L'Oreal CEO steps down, marking the end of an era

By Simon Pitman

- Last updated on GMT

Related tags Company Body shop L'oréal

After 18 years at the helm of the world's leading cosmetics
company, Sir Lindsay Owen-Jones has stepped down in favour of
Frenchman Jean-Paul Agon. The question on everyone's lips now is
can Agon measure up to the standards of his formidable successor?

British-born Owen-Jones handed over the reins to Agon yesterday, after the company's AGM in Paris. In the time he has been in charge Owen has overseen some significant changes at the company, leading it to emerge as a leading global entity.

In fact when Owen-Jones took the position in 1988, after three years with company, some 80 per cent of the its sales were derived from the domestic market. Now the company has some of the most recognised brands in the industry and has continued to expand its reach into new markets with acquisitions.

Indeed Owen-Jones has the almost unbeatable claim of having presided during most of its past 21 years of unbroken double-digit pretax profit growth. Given this incredible performance all eyes will now be on the newly appointed Agaon.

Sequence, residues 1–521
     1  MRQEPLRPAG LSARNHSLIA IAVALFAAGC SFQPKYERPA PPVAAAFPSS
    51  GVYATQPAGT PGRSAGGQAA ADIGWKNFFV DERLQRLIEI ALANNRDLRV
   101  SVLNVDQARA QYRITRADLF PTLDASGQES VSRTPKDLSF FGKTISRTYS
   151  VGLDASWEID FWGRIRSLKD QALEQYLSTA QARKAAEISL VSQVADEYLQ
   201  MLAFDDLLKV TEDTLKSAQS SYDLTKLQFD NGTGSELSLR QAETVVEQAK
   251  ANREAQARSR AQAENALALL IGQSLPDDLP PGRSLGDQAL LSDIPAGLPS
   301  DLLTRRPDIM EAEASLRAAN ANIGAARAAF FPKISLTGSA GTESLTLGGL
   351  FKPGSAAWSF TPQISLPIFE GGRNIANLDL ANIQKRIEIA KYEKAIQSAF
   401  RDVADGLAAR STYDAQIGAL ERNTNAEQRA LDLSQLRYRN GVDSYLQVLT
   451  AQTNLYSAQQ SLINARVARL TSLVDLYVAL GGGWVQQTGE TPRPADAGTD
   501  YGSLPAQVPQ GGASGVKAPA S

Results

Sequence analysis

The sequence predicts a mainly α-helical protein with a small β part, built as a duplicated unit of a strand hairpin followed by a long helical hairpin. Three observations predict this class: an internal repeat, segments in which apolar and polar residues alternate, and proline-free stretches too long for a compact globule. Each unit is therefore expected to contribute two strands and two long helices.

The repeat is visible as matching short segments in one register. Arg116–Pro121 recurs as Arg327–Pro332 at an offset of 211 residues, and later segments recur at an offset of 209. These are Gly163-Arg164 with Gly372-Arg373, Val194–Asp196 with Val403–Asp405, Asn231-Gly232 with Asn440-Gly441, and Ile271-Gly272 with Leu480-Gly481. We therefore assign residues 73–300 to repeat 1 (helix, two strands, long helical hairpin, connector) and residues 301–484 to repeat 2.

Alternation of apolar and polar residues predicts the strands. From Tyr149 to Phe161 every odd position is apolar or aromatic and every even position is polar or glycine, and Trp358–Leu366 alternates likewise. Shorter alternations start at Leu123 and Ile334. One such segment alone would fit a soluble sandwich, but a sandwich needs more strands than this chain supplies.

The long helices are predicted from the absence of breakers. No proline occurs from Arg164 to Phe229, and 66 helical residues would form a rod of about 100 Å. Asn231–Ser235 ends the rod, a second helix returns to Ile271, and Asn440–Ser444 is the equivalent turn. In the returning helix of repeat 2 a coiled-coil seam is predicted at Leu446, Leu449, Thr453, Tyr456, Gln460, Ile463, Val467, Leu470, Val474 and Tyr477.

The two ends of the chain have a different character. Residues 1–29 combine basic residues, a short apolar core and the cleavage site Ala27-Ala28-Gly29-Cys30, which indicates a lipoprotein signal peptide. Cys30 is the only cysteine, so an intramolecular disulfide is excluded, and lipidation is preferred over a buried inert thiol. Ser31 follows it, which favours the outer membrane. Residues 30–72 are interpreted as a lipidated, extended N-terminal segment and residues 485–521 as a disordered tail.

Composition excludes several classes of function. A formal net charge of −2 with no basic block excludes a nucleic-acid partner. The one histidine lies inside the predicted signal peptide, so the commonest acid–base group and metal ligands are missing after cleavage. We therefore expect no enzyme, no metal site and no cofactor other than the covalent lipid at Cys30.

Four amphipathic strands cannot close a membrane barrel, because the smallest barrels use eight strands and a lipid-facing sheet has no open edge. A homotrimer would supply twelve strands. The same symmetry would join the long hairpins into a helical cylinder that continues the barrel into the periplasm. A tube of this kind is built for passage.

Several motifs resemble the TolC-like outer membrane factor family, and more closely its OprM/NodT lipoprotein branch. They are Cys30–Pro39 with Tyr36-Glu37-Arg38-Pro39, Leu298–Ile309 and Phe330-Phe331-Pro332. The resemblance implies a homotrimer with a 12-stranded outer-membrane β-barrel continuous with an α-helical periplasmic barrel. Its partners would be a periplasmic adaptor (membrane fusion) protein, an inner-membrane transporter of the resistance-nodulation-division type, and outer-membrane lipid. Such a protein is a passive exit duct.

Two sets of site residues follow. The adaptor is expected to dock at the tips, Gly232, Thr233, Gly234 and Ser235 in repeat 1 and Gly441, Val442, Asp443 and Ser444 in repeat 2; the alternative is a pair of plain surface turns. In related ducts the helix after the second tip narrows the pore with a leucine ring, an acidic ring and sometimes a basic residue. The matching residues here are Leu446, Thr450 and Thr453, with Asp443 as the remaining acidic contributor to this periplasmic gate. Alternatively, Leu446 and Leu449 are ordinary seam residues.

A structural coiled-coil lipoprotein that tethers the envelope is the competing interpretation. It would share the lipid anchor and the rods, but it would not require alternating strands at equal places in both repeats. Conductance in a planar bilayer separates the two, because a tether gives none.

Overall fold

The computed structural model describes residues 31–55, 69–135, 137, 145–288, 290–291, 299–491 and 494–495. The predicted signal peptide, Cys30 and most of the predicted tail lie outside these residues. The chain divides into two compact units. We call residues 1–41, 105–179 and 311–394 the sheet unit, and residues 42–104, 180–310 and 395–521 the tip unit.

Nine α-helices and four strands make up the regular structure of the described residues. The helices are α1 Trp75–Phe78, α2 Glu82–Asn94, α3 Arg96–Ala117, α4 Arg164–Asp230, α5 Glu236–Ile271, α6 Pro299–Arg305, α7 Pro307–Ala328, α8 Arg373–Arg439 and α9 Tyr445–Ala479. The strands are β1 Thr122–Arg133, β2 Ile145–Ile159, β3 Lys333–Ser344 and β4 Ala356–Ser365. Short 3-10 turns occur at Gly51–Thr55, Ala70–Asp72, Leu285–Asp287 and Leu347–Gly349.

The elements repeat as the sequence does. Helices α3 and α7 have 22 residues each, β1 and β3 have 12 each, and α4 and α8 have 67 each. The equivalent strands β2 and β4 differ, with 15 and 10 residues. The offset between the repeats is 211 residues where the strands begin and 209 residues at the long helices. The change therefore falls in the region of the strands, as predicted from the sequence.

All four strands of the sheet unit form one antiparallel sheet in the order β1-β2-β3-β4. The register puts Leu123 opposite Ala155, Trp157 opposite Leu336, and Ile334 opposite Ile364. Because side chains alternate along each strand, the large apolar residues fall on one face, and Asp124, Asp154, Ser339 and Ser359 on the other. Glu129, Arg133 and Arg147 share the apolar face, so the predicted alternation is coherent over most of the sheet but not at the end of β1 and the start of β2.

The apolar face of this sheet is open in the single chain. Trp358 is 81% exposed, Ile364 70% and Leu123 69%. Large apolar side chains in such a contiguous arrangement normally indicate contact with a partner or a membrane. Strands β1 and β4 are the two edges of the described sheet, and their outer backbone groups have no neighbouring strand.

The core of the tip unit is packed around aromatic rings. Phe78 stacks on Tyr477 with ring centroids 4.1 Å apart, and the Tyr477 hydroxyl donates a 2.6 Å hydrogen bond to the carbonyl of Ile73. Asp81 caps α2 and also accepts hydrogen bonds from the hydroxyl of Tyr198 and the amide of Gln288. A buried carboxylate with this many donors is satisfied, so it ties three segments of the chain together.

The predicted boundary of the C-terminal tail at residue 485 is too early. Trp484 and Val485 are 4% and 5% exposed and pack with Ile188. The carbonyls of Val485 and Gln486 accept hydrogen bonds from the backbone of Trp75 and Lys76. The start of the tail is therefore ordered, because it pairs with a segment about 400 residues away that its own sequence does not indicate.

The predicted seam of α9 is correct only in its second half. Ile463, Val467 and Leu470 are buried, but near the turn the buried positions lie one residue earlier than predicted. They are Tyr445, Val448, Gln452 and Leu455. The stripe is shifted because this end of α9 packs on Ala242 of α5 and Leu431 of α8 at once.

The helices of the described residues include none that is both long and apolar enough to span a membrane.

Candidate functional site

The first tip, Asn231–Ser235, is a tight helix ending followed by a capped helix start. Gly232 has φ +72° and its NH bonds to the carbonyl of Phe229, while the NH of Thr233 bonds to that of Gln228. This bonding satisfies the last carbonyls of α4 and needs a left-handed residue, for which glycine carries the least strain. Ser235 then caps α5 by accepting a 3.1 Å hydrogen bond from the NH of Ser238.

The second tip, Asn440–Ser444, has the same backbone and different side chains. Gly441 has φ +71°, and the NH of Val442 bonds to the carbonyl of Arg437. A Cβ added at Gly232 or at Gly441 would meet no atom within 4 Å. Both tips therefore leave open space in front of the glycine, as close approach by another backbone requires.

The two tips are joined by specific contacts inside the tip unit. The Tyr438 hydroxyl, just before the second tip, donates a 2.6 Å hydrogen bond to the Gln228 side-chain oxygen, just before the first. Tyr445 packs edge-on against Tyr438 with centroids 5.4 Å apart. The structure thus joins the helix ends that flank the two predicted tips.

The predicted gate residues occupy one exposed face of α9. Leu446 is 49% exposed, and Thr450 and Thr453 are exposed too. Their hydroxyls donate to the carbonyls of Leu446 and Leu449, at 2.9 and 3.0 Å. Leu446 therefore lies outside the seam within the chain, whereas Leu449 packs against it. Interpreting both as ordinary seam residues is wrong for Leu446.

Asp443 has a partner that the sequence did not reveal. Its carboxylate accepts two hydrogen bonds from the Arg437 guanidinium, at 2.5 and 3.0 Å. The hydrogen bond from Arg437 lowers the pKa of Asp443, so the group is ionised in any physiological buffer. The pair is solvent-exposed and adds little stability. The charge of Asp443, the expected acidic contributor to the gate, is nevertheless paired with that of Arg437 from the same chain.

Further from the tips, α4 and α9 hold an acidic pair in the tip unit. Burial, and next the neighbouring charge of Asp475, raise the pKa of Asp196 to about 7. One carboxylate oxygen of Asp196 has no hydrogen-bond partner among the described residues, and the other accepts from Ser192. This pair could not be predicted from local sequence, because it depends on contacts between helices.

The 49 year-old French man has headed L'Oreal's US arm since 2001 and cut his teeth in his new role when he oversaw the company's recent acquisition of the Body Shop.

That acquisition itself represented a major departure for L'Oreal, giving it a firm positioning in both the retail and natural products field almost over night.

But given the company's consistent growth and strong performance, most industry expert believe that Agon is likely to follow a familiar path. Admittedly maintaining growth is likely to become ever-illusive, but with the Body Shop acquisition setting the company on a path towards more diversified acquisitions it does not seem like there is going to be any major surprises in store.

Last week Lindsay-Owen presided over his last ever sales conference, in which he confirmed that the groups quarterly sales up to March 31 amounted to €3.938bn, an increase of 11.3 per cent in organic terms and a like-for-like increase of 6.0 per cent.

"It is important to emphasise, as we do every year at this time, that the significance of the growth rate for a single quarter is limited,"​ Owen-Jones said. "Nonetheless, this promising start to the year, and the prospect of positive exchange rate effects, mean that we can be confident about the outlook for 2006."

But while Agon is busying himself with the daily running of the cosmetics giant, Owen-Jones intends to take things a little easier. He will remain a non-executive president of the company, but says that he now intends to devote more time to his passion for cars and motorbikes.

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